Rock on man, getting the board to do what you want is pure satisfaction. And that's why learning new things is such a rush!

  9. Garrett Dunk Johnston

    Nick Levin yo I'm a Christian and I'm white, yet I don't hate gays or muslims or black people. I totally agree with everything you said except for that last sentence man. I'm not trying to start an argument or even calling you out. Just wanted to let you know that not all Christians are intolerant deusche triggers. I believe there's a right and wrong way to do things but I'm not out there judging everyone. Just thought I'd let you know what's up man. God's Peace.

  10. Till O'Rly

    @John Meyers So who are you? Saw some videos from Max, but don't recogize your name…
    BTW: Yes I'm too fucking slow for racing, but as an noncompetitive person I personally like steep gnarly hills more than that normal racetrack.

  11. Charlie Danger Snyder

    If you skate to win, more power to you. I skate because I love it. Some people just don't care about the competition and want to enjoy the ride.

  12. Charlie Danger Snyder

    Right on, Max. Nail right on the head.

    I've found, more than anything else, racing seems less and less enticing as I get older. I have more fun and enjoy skating more when I'm not worried about what place I'm in.

    And yes…when compared to top racers, I suck something fierce.

  13. James Ware

    i love a good run down an open hill with my good buds any day. but i live for racing, i've always wanted to be faster than everyone else, always wanted to race cars or something aswell, so maybe its just how i get my fix.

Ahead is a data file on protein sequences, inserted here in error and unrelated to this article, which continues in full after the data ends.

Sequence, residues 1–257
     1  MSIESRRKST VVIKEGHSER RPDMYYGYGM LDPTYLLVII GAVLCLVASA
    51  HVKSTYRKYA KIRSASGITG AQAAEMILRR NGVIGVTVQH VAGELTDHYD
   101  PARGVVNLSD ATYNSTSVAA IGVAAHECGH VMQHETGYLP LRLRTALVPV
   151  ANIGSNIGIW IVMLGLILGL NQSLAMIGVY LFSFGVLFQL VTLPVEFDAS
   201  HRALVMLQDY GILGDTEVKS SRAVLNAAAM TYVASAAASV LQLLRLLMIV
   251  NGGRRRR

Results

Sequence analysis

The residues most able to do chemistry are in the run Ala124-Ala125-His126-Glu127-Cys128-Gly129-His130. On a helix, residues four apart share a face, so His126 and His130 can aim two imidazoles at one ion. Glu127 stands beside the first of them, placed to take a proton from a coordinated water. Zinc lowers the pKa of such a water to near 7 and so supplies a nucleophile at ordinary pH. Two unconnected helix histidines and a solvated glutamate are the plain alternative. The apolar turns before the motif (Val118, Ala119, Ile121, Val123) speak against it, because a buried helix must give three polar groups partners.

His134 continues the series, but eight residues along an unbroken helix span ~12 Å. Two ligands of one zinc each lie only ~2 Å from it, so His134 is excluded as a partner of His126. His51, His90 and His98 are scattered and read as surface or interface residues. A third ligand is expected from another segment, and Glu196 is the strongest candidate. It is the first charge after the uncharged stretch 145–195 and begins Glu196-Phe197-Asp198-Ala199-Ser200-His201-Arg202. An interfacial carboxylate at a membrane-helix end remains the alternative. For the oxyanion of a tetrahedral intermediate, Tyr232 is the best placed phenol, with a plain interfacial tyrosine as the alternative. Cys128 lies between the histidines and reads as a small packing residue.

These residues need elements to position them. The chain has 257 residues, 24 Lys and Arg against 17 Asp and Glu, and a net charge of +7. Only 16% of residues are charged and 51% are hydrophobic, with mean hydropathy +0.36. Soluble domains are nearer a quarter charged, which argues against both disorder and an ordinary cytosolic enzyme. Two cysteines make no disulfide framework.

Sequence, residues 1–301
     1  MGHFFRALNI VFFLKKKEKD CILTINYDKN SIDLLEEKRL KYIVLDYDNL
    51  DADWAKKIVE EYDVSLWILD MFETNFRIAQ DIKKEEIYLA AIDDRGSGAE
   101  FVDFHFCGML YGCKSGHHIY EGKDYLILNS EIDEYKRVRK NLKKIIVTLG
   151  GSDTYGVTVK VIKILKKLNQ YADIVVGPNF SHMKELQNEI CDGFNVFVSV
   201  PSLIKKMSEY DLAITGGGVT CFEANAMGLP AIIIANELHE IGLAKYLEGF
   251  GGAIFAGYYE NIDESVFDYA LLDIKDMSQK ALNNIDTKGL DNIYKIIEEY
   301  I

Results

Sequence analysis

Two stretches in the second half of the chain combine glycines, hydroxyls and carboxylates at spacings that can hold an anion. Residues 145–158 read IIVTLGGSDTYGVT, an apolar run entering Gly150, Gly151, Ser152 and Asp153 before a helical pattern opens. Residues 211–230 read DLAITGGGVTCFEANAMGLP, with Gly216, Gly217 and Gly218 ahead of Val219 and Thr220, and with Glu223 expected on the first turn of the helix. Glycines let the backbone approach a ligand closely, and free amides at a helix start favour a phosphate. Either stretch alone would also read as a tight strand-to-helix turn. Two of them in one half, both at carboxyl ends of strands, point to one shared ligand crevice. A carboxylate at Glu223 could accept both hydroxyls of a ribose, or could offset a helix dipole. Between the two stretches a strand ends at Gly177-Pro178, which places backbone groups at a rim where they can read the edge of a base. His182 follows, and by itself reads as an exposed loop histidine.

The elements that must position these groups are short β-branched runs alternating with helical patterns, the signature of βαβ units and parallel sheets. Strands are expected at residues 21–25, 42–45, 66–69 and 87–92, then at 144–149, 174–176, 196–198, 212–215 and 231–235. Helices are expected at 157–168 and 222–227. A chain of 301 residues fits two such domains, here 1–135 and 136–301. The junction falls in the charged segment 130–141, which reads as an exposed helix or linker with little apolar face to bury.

14. Kevin Cecil

    This is by far the best article I've ever read on longboarding! Love this you speak the truth! Freedom is exactly why I got into skateboarding. The values of no competition and freedom of self-expression are what makes skateboarding and longboarding so special. Your attitude and outlook are amazing and I have really liked reading and watching everything you produce! Please don't stop!

  15. Philip Ginn

    I'd like to clarify what it means to be competitive: It's performing the very best you can. Hopefully if everyone performs the very best, they can all be winners. Sliding out into the bails means you just have more to learn.

  16. Maxwell Storey Dubler

    That's cool too. I'm a huge fan of skateboard racing 'cause I get to see dudes going HAAM, laying it all out to go as fast as possible.

  17. Joe Lehm

    At Skate School we teach that Racing goes against the fundamental precepts of skateboarding, which are to put both feet on the board, roll, have fun and smile. Not when to go, when to wait and when to cheat. I applaud Max's take on not racing, and I was there to see him take a run down Pikes Peak Downhill and smile. No question more free rides are the future for downhill skating. Thank you Max!